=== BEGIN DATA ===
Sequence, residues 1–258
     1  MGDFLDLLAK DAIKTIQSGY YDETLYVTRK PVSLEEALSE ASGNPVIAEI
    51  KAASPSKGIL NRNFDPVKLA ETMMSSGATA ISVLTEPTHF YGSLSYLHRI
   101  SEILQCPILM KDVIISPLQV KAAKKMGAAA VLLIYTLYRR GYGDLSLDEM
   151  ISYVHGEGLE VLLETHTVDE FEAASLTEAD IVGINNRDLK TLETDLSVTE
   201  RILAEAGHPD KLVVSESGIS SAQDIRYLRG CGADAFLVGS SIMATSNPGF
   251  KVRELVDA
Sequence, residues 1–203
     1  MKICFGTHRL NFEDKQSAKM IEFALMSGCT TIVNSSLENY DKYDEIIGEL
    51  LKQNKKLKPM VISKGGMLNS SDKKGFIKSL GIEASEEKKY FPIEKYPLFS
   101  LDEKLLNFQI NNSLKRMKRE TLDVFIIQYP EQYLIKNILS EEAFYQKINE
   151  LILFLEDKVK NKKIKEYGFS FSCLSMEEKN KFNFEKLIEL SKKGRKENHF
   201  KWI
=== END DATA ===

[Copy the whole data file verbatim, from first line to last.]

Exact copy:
Sequence, residues 1–258
     1  MGDFLDLLAK DAIKTIQSGY YDETLYVTRK PVSLEEALSE ASGNPVIAEI
    51  KAASPSKGIL NRNFDPVKLA ETMMSSGATA ISVLTEPTHF YGSLSYLHRI
   101  SEILQCPILM KDVIISPLQV KAAKKMGAAA VLLIYTLYRR GYGDLSLDEM
   151  ISYVHGEGLE VLLETHTVDE FEAASLTEAD IVGINNRDLK TLETDLSVTE
   201  RILAEAGHPD KLVVSESGIS SAQDIRYLRG CGADAFLVGS SIMATSNPGF
   251  KVRELVDA
Sequence, residues 1–203
     1  MKICFGTHRL NFEDKQSAKM IEFALMSGCT TIVNSSLENY DKYDEIIGEL
    51  LKQNKKLKPM VISKGGMLNS SDKKGFIKSL GIEASEEKKY FPIEKYPLFS
   101  LDEKLLNFQI NNSLKRMKRE TLDVFIIQYP EQYLIKNILS EEAFYQKINE
   151  LILFLEDKVK NKKIKEYGFS FSCLSMEEKN KFNFEKLIEL SKKGRKENHF
   201  KWI